Vitamin D supplements may not work if you’re overweight, a study suggests.
Supplementing the sunshine vitamin is vital for keeping bones strong and strengthening the immune system, and may lower the risk of death from cancer.
But a review of existing evidence found the benefit only applies to people who are a healthy weight.
People who are overweight or obese — a risk factor for a host of health issues including cancer, heart disease and stroke — had ‘minimal’ benefit from the pills.
Vitamin D supplements can help ward off cancer and autoimmune diseases, but only if you are a healthy weight, a study suggests (file photo)
Scientists believe people who have too much fat in their bodies struggle to metabolize vitamin D supplements for use in the body.
The study found they had significantly lower levels of vitamin D in their blood compared to healthy people taking the same pills.
Dr Deirdre Tobias, an epidemiologist at the Brigham and Women’s Hospital who led the research, said: ‘We observed striking differences after two years, indicating a blunted response to vitamin D supplementation with higher body mass index (BMI).
‘There seems to be something different happening with vitamin D metabolism at higher body weights, and this study may help explain diminished outcomes of supplementation for individuals with an elevated BMI.’
For the study — published today in JAMA Network Open — researchers re-analyzed data from one of the largest and longest-running vitamin D trials to date, the US-based VITAL study.
This tracked 26,000 people who took daily vitamin D supplements for about five years between 2010 and 2018.
All the participants were over 50 years old, and did not have cancer or a cardiovascular disease at the start of the study.
Half took pills containing 2,000 international units (IU) of vitamin D per day, or five times the recommended daily intake of 400IUs daily from US health authorities.
The other half were placed in the placebo group who took a dummy pill.
Results showed there was an overall 20 percent lower risk of death from cancer, although this was not significant.
Researchers from Brigham wanted to see whether bodyweight had played a role in this reduction.
They then re-analyzed data from a smaller subset of 16,000 participants who also had blood work done when the trial began and up to two years into the study.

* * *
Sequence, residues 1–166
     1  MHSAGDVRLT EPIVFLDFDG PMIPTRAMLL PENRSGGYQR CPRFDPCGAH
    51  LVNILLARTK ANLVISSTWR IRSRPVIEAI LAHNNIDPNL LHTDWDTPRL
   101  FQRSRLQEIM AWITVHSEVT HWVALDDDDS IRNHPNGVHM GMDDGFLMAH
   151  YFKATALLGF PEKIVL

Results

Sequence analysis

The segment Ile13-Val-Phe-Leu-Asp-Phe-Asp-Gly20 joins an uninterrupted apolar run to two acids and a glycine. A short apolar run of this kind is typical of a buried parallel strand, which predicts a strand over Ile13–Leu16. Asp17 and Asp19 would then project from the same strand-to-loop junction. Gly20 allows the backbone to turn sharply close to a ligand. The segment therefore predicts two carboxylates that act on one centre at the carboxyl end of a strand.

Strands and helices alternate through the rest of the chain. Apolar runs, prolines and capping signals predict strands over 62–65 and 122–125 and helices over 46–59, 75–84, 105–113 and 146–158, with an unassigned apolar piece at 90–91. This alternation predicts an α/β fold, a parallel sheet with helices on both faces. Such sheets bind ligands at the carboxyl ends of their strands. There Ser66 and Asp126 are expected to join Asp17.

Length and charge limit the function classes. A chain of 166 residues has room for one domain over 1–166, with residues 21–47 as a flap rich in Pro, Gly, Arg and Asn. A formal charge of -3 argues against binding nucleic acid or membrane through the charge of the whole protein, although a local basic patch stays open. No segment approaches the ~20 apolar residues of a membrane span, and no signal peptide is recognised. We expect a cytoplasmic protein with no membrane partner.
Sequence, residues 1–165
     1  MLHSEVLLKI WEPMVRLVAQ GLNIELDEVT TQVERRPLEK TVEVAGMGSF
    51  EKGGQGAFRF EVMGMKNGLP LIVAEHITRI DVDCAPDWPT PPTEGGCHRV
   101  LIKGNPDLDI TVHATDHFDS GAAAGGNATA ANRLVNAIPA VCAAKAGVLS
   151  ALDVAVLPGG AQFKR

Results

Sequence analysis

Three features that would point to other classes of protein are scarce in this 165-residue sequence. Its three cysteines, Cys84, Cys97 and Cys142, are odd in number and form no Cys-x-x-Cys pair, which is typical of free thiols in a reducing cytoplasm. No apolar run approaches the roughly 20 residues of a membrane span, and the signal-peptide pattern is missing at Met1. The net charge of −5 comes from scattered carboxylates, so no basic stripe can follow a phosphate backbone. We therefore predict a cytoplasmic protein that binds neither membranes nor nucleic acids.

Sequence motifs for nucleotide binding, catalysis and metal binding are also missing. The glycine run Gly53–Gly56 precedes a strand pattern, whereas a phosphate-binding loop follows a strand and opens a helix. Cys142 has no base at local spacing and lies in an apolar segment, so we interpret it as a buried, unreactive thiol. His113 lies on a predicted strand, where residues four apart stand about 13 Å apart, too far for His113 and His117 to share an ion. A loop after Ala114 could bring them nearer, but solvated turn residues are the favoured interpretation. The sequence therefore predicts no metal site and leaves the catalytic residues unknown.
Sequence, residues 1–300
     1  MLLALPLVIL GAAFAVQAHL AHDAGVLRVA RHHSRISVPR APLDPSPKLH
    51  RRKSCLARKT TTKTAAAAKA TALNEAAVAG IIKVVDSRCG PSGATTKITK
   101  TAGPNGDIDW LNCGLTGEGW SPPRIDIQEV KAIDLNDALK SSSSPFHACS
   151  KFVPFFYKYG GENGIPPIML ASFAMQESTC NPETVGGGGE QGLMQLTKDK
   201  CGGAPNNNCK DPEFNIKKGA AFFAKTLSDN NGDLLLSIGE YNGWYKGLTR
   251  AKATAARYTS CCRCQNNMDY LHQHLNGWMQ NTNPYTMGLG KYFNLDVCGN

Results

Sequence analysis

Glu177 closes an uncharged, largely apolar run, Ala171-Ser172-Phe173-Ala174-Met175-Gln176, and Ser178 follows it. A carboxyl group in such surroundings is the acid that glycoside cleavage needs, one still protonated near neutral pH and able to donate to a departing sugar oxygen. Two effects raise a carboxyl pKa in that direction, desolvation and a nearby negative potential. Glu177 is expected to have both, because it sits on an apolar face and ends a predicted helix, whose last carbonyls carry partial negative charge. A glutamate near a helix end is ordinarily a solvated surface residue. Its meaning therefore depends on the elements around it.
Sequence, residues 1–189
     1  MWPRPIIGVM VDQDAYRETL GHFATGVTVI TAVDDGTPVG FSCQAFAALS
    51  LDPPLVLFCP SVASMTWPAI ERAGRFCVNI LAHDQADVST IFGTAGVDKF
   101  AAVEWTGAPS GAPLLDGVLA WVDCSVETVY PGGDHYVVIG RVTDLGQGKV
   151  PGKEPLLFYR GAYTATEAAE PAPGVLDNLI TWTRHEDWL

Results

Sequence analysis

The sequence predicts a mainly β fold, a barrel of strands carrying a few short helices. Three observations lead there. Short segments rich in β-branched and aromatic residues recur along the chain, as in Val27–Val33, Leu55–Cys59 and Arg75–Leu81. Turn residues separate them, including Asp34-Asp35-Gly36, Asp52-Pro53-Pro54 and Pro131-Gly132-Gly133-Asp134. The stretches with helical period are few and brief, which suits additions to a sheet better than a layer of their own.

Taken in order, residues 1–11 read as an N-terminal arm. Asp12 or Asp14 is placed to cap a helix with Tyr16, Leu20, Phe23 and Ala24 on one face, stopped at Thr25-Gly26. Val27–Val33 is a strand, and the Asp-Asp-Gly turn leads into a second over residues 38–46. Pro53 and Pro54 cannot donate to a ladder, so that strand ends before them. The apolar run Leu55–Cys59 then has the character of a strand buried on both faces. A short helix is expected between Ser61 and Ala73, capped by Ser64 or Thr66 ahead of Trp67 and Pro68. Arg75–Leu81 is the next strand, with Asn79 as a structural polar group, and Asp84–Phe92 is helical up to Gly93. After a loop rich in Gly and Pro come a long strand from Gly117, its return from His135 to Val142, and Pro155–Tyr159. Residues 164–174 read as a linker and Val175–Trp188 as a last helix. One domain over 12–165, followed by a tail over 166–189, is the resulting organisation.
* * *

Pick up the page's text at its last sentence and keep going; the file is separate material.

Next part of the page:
The sample included 6,600 people who had a body mass index (BMI) in the overweight category and 4,400 who were in the obese or morbidly obese group.
Results showed that both groups saw a rise in vitamin D levels in their blood during the study.
But the uptick was significantly higher in the group that was not overweight or obese.
Dr Tobias added: ‘This study sheds light on why we’re seeing 30 to 40 percent reductions in cancer deaths, autoimmune diseases and other outcomes with vitamin D supplementation among those with lower BMIs.
‘But minimal benefit in those with higher BMIs, suggesting it may be possible to achieve benefits across the population with more personalized dosing of vitamin D.
She added: ‘The analysis of the original VITAL data found that vitamin D supplementation correlated with positive effects on several health outcomes, but only among people with a BMI under 25.
Scientists suggested overweight or obese people may have lower levels of vitamin D because fat cells are better at absoring the vitamin than others, and could be extracting more of it from the blood.
They also suggested that being overweight could ‘impair’ the body’s ability to make or process vitamin D, leading to lower levels.
Estimates from the Centers for Disease Control and Prevention (CDC) suggest approximately 42 percent of the US population has a vitamin deficiency.
The VITAL trial was a randomized, double-blind, placebo-controlled trial carried out in the US. It was funded by the National Institutes of Health.
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What is vitamin D and how do I get it?
Vitamin D is a type of vitamin that the human body gets from both diet and produces when exposed to sunlight.
What does it do?
It helps regulate the amount of calcium and phosphate in the body.
These nutrients are needed to keep bones, teeth and muscles healthy.
People who don’t get enough vitamin D can suffer from bone deformities such as rickets in children and osteomalacia (a softening of the bones) in adults.
How do I get enough vitamin D?
In the U.S. most people will get the vitamin D they need from sunlight between April and September as long as they go outside.
The body naturally produces vitamin D when exposed to sunlight.
Vitamin D is also found in foods such as oily fish, liver and egg yolks.
Do I need to take a supplement?
Medics say people should consider taking a vitamin D supplement in the winter month when sunlight is weaker.
Other people may need to take vitamin D throughout the year due to being housebound, or if they have dark skin which reduces the amount of sunlight their skin absorbs.
Children aged one-to-four years old should also be given a daily vitamin D supplement of 10micrograms(μg) of throughout the year.
What happens if I take too much?
Taking too much over a long time can lead to a dangerous build-up of calcium in the body which can weaken bones, and also damage the heart and kidneys.
Medics advise taking no more than 800 international units (IUs) per day.
Vitamin D is frequently sold in units called IU. One microgram of vitamin D is equal to 40 IU.